"Five", "Six", "Seven", "Eight", "Nine"  };
    
            printf("Input a number [0-9]: ");
    
            while ( !scanf("&#37;d", &number) || !(number >= 0 && number <=9) )
            {
                    printf("Sorry input outside of valid range: Try again Please\n");
                    printf("Input a number [0-9]: ");
                    fflush(stdin);
            }
            printf("You entered the number %s\n", numbers[number] );
    
    return 0;
    }

  9. #9
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    Hai Use switch statement also...

    Code:
    #include<stdio.h>
    int main()
    {
      
        int choice;
        printf("enter the any number between 0 and 9\n");
        scanf("%d", &choice);
        switch(case)
       {
         case 1: printf("ONE");
                     break;
         case 2: printf("TWO");
                     break;
         case 3: printf("THREE");
                     break;
         case 4: printf("FOUR"); 
                     break;
         case 5: printf("FIVE");
                     break;
         case 6: printf("SIX");
                     break;
        case 7: printf("SEVEN");
                    break;
        case 8: printf("EIGHT");
                     break;
        case 9: printf("NINE");
                     break;
        defualt: printf("You are entered wrong number\n");
    }

  10. #10
    CSharpener vart's Avatar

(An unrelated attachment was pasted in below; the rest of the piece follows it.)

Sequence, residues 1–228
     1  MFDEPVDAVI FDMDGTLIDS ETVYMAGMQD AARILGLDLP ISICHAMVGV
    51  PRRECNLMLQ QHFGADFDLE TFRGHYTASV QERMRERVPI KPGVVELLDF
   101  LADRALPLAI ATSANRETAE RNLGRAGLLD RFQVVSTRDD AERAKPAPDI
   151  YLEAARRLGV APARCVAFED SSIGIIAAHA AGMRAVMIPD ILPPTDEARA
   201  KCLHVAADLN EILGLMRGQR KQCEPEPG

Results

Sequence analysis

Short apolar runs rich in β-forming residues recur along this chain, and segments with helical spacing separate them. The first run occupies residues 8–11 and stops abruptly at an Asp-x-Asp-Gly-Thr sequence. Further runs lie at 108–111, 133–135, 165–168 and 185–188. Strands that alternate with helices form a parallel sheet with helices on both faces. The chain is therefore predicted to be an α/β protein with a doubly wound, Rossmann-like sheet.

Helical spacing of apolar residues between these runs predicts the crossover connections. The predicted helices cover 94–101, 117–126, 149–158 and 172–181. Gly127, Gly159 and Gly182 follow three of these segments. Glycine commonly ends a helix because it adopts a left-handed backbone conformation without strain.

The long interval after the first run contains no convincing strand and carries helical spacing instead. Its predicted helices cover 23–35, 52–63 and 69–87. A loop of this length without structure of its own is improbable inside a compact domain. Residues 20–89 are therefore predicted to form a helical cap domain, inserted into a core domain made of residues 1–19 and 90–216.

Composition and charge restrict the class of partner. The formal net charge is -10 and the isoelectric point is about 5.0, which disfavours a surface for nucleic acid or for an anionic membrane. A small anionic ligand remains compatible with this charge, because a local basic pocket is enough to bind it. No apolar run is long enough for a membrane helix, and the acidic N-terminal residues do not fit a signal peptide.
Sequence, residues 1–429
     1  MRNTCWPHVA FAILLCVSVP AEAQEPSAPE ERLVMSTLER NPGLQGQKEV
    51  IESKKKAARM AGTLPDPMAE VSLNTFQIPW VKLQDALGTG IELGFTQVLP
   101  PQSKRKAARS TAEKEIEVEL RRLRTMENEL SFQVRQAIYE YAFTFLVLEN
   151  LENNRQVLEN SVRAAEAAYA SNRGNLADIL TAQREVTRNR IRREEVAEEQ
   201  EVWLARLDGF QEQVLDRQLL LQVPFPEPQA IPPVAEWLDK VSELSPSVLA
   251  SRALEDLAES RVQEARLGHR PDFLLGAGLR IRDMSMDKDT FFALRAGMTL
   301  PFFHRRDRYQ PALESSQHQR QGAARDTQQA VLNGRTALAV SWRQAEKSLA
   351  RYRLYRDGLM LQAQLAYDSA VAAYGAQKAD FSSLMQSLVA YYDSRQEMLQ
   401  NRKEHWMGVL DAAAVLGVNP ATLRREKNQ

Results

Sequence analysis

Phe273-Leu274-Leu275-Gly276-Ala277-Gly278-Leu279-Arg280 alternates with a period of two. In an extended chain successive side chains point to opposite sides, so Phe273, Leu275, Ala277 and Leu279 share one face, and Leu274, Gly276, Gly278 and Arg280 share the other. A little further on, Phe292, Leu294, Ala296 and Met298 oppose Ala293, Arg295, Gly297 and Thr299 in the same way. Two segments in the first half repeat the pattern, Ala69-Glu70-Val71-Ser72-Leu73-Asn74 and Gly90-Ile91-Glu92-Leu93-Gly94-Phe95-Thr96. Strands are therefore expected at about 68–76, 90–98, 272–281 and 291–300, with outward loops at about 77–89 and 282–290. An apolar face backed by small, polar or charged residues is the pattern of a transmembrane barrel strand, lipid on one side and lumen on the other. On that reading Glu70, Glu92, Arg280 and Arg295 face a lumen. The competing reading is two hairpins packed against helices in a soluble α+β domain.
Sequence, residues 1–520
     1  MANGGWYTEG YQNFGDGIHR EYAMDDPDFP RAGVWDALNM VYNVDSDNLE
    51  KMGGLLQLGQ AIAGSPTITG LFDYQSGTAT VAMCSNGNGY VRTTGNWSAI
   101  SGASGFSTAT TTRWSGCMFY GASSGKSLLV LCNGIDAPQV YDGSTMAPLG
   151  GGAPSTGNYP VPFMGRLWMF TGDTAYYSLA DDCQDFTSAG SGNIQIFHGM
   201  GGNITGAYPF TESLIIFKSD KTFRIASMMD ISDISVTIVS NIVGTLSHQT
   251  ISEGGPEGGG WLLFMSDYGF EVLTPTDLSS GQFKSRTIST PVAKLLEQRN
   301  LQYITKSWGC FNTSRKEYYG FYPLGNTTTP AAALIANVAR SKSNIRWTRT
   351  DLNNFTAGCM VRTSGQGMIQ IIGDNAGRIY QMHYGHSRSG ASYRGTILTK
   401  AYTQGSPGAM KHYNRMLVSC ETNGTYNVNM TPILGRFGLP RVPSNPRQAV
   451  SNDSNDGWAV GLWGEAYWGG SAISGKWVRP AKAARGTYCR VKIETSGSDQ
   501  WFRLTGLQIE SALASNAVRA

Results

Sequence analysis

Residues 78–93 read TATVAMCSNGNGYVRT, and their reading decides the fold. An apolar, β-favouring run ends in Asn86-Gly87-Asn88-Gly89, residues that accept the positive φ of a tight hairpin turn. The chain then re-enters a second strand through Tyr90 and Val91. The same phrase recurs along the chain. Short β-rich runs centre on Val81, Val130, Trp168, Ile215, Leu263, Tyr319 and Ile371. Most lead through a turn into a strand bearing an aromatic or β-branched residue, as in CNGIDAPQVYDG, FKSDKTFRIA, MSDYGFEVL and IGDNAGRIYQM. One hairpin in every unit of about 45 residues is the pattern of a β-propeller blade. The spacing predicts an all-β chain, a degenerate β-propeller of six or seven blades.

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    Quote Originally Posted by sillyman View Post
    cute, ok. I agree totally... plus some error checking ;-)
    You should review your error checking


    The return value of scanf() is the number of variables that were successfully assigned values, or EOF if there is an error.
    So your code perfoms the same way when scanf returns 1 or EOF. I doubt you want it that way
    The first 90% of a project takes 90% of the time,
    the last 10% takes the other 90% of the time.

  11. #11
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    Why would a college student working on an exercise type in EOF on a simple programming example? Can you give me an example of how to enter EOF into the program?

  12. #12
    C++まいる!Cをこわせ! Elysia's Avatar
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    Don't flush stdin!
    http://cpwiki.sourceforge.net/Common...kes_and_errors

    Quote Originally Posted by sillyman View Post
    Why would a college student working on an exercise type in EOF on a simple programming example? Can you give me an example of how to enter EOF into the program?
    You don't enter EOF. EOF is returned if there was an error. For example, if the user entered "Hi there!" instead of 1.